The current invention is based on the surprising discovery that by subjecting autogenic, allogenic and xenogenic tissue engineered biosynthetic and biological material or naturally occurring biological material to a gradual increase in the concentration of a cross linking agent such as glutaraldehyde and a gradual change in pH from acid towards alkaline, in combination with a dynamic fluid environment, preferably, a storage period of at least three weeks in 50% volume/volume ethanol after processing would provide a non-porous biomatrix with an intact microarchitecture which is impervious to tissue ingrowth and angiogenisis, would inhibit in vivo calcification, and would be suitable for the attachment and retention of transplanted living cells. Additionally, flexibility and compliance could be controlled by the gradual penetration of cross linking agent into the biosynthetic or biological material which is untethered or only tethered at one end to a compressible template during processing.
The resultant material, which has a durable biological microarchitecture and a surface that is lined with stabilized cells, for example fibroblasts on tissue engineered material and urothelium lining mammalian ureters, has an affinity for transplanted living cells and an ability to retain them under required biological conditions. Transplanted living cells are more likely to interact with the naturally occurring extracellular matrix (ECM) proteins of these cellular linings via many cellular binding sites, each of which may have more than one protein ligand, than to single ECM or derivatives of ECM which are used to coat polyester and polytetrafluroethylene material to aid in the adhesion of endothelial cells. It is postulated that the ECM binding sites are still recognized and available for cell attachment by transplanted cells even though the biomatrix has been cross linked with glutaraldehyde. In the case of biosynthetic material the tissue engineered biological interface is presented to the living environment, the synthetic component being an endoskeletal structure only and never in contact with living structures.
The characteristics of the material can be varied for specific applications or for specific materials by th variation of the param ters of the time, percentage glutaraldehyde and pH within the functional range. For example in the case of autogenic tissue created in the laboratory, glutaraldehyde is utilized to arrest tissue proliferation at the optimal level, whereas in non autogenic tissue glutaraldehyde renders the material non-immunogenic. The degree of flexibility, compliance and durability can be varied by degree and intensity of dynamic processes.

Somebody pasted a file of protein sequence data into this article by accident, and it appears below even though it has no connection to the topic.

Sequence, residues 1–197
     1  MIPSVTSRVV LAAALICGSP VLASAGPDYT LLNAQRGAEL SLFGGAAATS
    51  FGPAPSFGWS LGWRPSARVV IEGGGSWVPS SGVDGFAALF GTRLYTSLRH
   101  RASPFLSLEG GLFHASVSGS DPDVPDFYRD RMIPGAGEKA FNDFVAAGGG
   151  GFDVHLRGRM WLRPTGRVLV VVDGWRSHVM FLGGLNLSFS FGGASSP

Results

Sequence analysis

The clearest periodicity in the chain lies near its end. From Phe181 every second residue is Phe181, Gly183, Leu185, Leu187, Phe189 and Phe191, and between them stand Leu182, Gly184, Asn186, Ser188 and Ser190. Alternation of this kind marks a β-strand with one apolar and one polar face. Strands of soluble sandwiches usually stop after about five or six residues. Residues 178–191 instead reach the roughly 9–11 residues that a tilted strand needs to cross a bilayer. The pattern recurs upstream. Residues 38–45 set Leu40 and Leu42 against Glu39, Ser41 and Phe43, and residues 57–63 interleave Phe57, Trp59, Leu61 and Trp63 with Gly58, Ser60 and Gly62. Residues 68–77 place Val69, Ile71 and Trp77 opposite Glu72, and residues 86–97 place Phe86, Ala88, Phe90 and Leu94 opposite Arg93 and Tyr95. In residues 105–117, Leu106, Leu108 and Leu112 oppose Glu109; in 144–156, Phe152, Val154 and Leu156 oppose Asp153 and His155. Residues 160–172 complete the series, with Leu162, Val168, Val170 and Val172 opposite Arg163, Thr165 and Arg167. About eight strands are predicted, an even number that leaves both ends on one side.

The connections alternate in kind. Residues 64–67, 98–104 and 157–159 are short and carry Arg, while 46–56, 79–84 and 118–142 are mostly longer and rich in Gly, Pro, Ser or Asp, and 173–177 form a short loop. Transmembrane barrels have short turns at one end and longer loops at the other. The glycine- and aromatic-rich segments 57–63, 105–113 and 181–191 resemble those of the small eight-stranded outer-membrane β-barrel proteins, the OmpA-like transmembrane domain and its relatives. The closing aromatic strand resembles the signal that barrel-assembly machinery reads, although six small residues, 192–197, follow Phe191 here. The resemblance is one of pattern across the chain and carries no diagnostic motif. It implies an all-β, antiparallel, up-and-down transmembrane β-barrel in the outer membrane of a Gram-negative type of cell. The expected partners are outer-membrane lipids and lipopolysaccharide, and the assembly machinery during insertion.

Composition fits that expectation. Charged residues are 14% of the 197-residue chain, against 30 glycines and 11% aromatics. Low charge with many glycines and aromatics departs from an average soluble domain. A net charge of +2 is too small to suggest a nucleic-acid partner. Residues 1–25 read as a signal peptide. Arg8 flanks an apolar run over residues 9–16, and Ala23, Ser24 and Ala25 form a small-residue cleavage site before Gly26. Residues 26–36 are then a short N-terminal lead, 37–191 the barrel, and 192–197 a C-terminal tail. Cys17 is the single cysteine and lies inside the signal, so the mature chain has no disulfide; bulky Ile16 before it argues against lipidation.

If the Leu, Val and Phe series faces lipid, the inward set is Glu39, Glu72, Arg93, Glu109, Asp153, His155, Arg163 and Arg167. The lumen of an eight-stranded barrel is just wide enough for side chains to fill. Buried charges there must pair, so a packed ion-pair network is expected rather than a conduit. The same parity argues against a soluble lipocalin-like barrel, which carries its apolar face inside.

Thus, in a method of creating implantation material by treating autogenic, allogenic and xenogenic tissue (such as tissue engineered biosynthetic and biological material and naturally occurring biological tissue in tubular, flat sheet and three dimensional configurations for surgical implantation) according to a preferred embodiment of the present invention, excess tissue is first removed from the exterior of the tissue.
The tissue is then tethered to a compressible template such that movement of the tissue on the template is not restricted. In the case of tubular tissue, the tissue is left untethered to a compressible mandrel
The mounted tissue is placed into a rotating drum at between 10 and 20 rpm preferably 12 rpm, or into a circulating bath at approximately 25° C. If placed in a circulating bath, the tubular tissue may be attached to a flow system such that fluid flows through the lumen at approximately 300 mL per minute.
A cross linking agent in the form of glutaraldehyde is added to the drum or bath, the concentration of which is gradually increased from 0% up to a predetermined maximum of 2.5% weight/volume; the pH of the solution is gradually increased from 1.5 to 7.4 over a period of 2.5 hours.
Once the predetermined final concentration and pH of glutaraldehyde solution has been reached, the tissue is removed from the rotating drum and placed in a circulating bath of fresh solution of glutaraldehyde which is then maintained at a concentration of 2.5% weight/volume and a pH of 7.4, at a temperature of 25° C. Alternatively, if the tissue is already in the circulating bath the solution is renewed as above and if attached to the flow system, the flow system is removed and solution replaced as above. The tissue remains in the circulating bath for approximately 48 hours. The tissue is then immersed in 2% weight/volume hydrogen peroxide for one hour.